The mailing sample included 3,000 longhaul drivers, 1,104 P&D drivers, 2,638 combination workers, 400 hostlers, 2,258 dock workers, 299 mechanics, 2,256 clerks, 21 janitors, and 10 managers. The overall response rate among workers in the remaining sample was 40.5%, omitting the 632 questionnaires returned either due to an incorrect mailing address or because the employee was deceased. The distribution of job titles, gender, region of residence, and terminal size and location among responders and non-responders was similar (). However, the response rate among Whites (44%) was higher than among Blacks (25%) and Hispanics (28%). Also, responders (mean age=53.0 years) were older than the non-responders (mean age=49.9 years).
Characteristics of Responders and Non-Responders to a Smoking Survey in Trucking Industry Workers
Due to small numbers of females and non-white employees, we restricted this analysis to white males. We further excluded 36 responders with missing information on smoking and 3 janitors and 1 manager. Therefore, there were a total of 3,362 individuals available for analysis.
Characteristics by job title are presented in . Longhaul drivers and clerks were older than other workers. Combination workers and P&D drivers worked in smaller terminals. Education status was similar across groups.
Characteristics of White Men in the Trucking Industry by Job Categories
Age-standardized smoking rates and pack-years smoked were determined by job titles, education, region of residence, terminal size, and terminal location (). Longhaul drivers had the highest prevalence of smoking (18% current smokers and 49% ex-smokers), followed by hostlers (16% current smokers and 49% ex-smokers) and P&D drivers (8% current smokers and 55% ex-smokers). There was only minor variation in never smoking rates between non-clerk job titles. Similarly, although smoking rates were higher among workers in the Midwest, the variation by region of residence was relatively small. Smoking rates were also higher in workers with less than high school education, and varied little by terminal location and size.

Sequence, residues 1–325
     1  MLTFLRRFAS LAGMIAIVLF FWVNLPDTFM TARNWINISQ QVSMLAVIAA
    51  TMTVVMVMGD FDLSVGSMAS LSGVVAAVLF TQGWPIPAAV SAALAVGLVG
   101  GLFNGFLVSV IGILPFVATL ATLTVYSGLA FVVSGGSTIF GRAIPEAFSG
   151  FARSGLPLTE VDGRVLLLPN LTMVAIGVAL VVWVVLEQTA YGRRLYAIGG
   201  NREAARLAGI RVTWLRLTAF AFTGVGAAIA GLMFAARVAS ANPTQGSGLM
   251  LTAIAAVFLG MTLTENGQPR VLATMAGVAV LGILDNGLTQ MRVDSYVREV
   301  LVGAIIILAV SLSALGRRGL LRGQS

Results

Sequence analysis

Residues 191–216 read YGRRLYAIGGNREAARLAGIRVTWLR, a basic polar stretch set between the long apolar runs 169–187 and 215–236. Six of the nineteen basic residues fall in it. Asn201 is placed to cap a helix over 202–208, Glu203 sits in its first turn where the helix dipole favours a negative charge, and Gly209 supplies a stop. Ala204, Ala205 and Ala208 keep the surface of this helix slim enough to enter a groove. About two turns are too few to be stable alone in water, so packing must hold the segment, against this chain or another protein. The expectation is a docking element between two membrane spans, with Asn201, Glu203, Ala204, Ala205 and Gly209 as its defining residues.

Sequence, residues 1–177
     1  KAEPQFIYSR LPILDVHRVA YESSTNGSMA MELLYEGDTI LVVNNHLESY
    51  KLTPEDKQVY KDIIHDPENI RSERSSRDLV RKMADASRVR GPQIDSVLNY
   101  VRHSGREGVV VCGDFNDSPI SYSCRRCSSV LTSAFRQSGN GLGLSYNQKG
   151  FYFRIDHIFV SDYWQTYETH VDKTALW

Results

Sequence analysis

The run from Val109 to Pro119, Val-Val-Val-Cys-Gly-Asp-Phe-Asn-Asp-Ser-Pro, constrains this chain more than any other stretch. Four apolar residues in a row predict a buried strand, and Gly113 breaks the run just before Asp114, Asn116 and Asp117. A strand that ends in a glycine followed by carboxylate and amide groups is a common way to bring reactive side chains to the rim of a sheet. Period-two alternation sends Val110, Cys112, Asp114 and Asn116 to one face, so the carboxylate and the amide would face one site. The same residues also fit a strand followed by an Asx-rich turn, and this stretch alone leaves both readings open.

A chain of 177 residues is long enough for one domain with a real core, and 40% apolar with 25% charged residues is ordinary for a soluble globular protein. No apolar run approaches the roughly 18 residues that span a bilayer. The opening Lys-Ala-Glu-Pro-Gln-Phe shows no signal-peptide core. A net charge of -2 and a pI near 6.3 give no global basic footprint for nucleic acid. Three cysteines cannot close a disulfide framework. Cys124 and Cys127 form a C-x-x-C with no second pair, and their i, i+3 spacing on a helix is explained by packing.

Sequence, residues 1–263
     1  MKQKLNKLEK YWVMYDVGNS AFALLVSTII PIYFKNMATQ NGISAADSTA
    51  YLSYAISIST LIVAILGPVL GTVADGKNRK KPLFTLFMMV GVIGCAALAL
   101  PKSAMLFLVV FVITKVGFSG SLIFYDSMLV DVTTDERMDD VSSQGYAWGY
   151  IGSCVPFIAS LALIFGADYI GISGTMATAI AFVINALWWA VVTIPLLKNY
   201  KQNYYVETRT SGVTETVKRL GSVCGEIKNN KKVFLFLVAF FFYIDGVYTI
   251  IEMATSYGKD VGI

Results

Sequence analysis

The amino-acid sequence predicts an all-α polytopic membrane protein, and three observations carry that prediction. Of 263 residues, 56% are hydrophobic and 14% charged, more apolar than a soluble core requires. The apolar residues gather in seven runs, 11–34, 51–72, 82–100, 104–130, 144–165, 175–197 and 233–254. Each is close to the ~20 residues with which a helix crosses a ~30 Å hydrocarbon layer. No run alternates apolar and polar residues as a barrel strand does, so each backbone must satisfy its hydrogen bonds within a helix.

Age-Standardized* Smoking Characteristics of White Men in the Trucking Industry
After adjusting for age, education, region of residence, terminal size, and terminal location, the long-haul drivers were more likely to smoke than the workers in other job categories (). However, these differences were small, with the exception of comparison to the clerks. The likelihood of ever smoking increased statistically significantly with increasing age. Workers in the South and West were significantly less likely to be ever smokers as compared with those in the Midwest. Among ever smokers, P&D drivers were significantly more likely to have quit smoking as compared with long-haul drivers, but there were only minor differences among other job titles (). The likelihood of quitting smoking also increased with increasing age. When pack-years was used as the outcome in linear regression models, employment as a longhaul truck driver, increasing age, and terminal location in urban areas were significantly associated with greater lifetime smoking (pack-years) (data not shown).
Unadjusted and Adjusted Likelihood of Smoking among 3,362 White Men in the Trucking Industry
Unadjusted and Adjusted Likelihood of Quitting Smoking (among Ever Smokers) for 2,083 White Men in the Trucking Industry
Similar results were obtained when regression analyses were conducted after excluding people who responded to the shorter personal history questionnaire on postcards (data not shown). Results were also similar if educational status (which had missing values) was dropped from the regression models.